April 2012

Document Type


Degree Name



Dept. of Cell and Developmental Biology


Oregon Health & Science University


Chronic disease is marked by perturbations in both behavior and systemic metabolism. A loss of muscle mass, decreased food intake, and decreases in daily activity are collectively referred to as cachexia. The presence of cachexia likely has a significant impact on disease survival. While the features of cachexia are conserved, the underlying diseases that cause cachexia are varied. Illnesses such as cancer, renal failure, heart failure and chronic infection all result in sickness behavior and muscle atrophy. Despite significant variation in the underlying disease pathology, conditions associated with cachexia are all marked by systemic inflammation. The infusion of inflammatory cytokines into experimental animals reproduces the features of cachexia. Despite this, the mechanisms by which inflammation produces cachexia remain unclear and treatment options are limited. The goal of this thesis was to define the anatomic sites where cytokines act to produce the different features of cachexi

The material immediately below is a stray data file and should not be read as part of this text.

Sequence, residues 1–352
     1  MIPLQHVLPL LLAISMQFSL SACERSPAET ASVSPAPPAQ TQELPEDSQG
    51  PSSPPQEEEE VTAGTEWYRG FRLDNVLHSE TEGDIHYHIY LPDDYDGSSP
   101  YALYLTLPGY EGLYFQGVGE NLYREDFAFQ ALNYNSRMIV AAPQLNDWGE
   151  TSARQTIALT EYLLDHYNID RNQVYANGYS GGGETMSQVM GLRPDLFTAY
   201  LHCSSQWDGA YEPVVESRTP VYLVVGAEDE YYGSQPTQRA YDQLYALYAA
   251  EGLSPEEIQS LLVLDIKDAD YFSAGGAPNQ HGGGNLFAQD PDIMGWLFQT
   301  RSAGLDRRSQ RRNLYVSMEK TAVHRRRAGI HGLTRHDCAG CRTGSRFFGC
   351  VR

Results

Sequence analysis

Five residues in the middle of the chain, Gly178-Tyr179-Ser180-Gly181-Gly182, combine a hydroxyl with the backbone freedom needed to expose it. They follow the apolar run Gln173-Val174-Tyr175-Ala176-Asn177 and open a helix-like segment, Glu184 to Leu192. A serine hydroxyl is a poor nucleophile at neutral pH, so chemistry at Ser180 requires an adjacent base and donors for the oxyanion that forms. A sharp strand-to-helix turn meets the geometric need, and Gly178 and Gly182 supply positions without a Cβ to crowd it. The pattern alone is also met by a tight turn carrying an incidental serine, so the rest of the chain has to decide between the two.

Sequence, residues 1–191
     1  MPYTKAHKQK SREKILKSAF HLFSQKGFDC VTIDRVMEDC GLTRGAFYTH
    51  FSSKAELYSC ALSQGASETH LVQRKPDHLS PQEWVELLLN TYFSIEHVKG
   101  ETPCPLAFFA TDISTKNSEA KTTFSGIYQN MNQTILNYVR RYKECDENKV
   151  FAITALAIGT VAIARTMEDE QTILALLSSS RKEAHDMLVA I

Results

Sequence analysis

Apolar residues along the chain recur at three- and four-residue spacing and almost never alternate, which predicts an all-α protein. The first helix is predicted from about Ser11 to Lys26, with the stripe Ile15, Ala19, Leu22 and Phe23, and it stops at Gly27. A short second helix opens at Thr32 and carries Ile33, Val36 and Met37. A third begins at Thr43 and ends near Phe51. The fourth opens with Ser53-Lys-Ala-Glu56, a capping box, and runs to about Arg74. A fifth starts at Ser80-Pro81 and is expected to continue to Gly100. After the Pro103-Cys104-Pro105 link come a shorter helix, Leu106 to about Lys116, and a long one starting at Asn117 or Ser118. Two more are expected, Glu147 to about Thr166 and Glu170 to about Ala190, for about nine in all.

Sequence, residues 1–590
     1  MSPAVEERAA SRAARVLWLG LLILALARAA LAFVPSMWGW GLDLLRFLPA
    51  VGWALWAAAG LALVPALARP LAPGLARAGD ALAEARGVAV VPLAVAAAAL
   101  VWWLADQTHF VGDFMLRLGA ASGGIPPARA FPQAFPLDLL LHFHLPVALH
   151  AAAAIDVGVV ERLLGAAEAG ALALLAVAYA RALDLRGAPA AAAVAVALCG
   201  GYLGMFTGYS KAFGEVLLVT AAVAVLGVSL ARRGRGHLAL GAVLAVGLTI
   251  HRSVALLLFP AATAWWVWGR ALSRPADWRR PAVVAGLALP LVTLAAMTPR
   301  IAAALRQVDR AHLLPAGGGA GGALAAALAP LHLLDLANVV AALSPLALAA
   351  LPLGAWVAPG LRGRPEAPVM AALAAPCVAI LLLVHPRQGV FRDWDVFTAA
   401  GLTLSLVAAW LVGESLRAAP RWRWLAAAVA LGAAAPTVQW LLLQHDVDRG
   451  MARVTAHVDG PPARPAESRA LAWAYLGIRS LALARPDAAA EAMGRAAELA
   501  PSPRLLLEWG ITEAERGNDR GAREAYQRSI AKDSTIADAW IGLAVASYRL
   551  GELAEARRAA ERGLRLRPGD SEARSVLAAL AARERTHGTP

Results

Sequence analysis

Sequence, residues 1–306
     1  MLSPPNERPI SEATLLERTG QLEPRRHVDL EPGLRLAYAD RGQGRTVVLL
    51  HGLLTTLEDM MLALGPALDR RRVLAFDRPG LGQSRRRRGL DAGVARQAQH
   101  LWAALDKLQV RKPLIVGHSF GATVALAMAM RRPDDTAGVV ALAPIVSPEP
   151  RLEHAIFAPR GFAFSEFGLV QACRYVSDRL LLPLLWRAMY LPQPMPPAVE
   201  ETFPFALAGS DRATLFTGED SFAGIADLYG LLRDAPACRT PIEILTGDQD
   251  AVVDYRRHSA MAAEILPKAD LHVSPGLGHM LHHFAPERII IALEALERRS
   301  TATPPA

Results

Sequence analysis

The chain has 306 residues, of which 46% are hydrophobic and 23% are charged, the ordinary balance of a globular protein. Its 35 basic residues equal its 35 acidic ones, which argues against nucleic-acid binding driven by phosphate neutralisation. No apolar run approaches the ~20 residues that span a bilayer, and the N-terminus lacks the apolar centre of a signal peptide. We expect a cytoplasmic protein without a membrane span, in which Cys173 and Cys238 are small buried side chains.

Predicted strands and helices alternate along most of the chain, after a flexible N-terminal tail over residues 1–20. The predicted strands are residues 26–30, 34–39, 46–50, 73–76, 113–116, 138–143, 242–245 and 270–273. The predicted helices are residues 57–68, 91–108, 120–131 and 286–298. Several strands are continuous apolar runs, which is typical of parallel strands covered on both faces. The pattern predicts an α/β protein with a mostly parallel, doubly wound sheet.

School of Medicine



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